Aerosmith guitarist Joe Perry has written — well, dictated — a memoir called Rocks, which will be out on October 7. As you might expect, it’s filled with sex, drugs, and rock and roll. The rock-and-roll stuff will be mostly of interest to Aerosmith superfans. The drugs stuff ends about halfway through, when he gets to the part about kicking his various habits. But the sex? The sex is pretty memorable. His recollections of copulation and the flirting that precedes it run the gamut from the lurid to the vaguely illegal. The best of which is his dalliance with former Laugh-In girl Judy Carne, excerpted here. It’s unknown whether Carne, who turned 75 this year, has the same fond recollections.
The months before the fall of 1972, when we actually started recording our first album, were wild. I had my first and only affair with an older woman who, in many ways, turned me out. It began in the improbable town of Framingham, a big suburb twenty miles outside Boston, where our manager Frank Connelly had a friend who owned an upstairs restaurant that was temporarily closed. We were allowed to rehearse there. Downstairs was a club where the locals liked to hang. Among them were musicians and actors performing at Caesar’s Monticello, a dinner theater just down the street. One of the regulars was Judy Carne, famous for her stint on Rowan & Martin’s Laugh-In, the national TV show. She was the English bombshell who delivered the “sock it to me” line. She was doing a summer run of Cabaret at Caesar’s.
Judy was far more attractive in person than on TV. Off TV, her language was salty and provocative. Her body was alluring. She had a thin frame, big brown eyes, full lips, and an upturned nose. I saw her as a super-seductive pixie who dressed in the latest Carnaby Street fashions.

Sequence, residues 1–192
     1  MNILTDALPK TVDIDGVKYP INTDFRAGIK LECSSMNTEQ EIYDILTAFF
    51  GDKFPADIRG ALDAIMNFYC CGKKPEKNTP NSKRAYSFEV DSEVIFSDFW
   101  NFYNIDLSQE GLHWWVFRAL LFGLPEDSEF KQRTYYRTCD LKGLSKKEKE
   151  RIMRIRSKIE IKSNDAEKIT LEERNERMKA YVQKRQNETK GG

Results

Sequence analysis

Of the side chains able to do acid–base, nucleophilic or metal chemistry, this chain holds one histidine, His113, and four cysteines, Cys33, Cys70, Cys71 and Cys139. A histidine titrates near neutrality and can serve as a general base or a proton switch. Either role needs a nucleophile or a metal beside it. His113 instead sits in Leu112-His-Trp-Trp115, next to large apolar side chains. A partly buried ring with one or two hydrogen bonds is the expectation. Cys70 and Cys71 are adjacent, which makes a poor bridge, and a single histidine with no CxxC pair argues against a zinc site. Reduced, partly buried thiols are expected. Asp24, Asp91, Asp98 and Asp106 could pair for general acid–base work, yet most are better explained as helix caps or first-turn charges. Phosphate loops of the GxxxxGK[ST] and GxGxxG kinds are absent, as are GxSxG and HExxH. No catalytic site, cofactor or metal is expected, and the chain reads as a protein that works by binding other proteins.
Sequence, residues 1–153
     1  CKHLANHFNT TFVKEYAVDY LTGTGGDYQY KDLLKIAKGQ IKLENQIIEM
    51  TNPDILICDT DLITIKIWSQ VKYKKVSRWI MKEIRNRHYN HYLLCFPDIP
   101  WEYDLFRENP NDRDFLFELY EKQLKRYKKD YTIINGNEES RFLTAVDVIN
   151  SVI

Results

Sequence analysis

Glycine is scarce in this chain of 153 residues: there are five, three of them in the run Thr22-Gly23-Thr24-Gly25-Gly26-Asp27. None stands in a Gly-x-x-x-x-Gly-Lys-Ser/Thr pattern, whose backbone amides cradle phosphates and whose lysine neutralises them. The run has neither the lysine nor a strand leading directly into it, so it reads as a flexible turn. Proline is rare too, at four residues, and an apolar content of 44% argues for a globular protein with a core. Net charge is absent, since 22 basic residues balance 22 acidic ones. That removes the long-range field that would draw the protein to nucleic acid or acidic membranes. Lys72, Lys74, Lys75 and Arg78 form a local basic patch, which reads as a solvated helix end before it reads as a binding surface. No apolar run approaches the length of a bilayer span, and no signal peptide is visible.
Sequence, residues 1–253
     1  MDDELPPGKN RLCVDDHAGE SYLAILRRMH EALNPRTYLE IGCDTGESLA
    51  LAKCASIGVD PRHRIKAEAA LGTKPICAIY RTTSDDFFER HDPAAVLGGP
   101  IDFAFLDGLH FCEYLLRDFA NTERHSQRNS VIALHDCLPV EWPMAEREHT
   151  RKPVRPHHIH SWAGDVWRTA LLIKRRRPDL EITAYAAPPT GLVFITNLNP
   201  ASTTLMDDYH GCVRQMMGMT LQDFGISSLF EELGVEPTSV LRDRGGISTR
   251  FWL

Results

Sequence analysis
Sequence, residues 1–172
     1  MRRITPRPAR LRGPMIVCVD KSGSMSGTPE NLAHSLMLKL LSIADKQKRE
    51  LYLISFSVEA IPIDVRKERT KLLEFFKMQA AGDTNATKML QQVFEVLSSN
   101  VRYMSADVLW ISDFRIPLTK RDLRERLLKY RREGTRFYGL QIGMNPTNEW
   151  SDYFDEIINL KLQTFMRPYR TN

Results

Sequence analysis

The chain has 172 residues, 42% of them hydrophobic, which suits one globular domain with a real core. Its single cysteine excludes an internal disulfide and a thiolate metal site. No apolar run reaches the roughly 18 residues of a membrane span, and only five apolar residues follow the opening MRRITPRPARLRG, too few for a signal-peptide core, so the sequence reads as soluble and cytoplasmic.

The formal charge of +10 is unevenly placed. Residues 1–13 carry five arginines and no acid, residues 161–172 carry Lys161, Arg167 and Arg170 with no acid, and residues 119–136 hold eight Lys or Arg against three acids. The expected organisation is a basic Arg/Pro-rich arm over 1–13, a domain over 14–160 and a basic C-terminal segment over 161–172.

She traveled with an entourage whose aura was pure sex. Her bosom buddy was her makeup girl and confidante, a gorgeous curvaceous redhead who gave the guys the idea that she couldn’t wait to get out of her clothes. It was a hot scene. The sexual tension was thick, like a stick of sweet incense. Once word got around that a Hollywood star like Judy was a nightly regular, the place was packed. No live music but loud rock and roll blasting over the sound system. It was the perfect hang for us, a band on the make. In the afternoon we’d rehearse upstairs, then head to the bar downstairs. We had the run of the place because the owner was a friend of Frank’s. He’d go around telling everyone that we were the recently-signed-to-Columbia hot new band. He also ran a betting pool built upon what lucky guy could get to Judy’s super-sexy assistant first.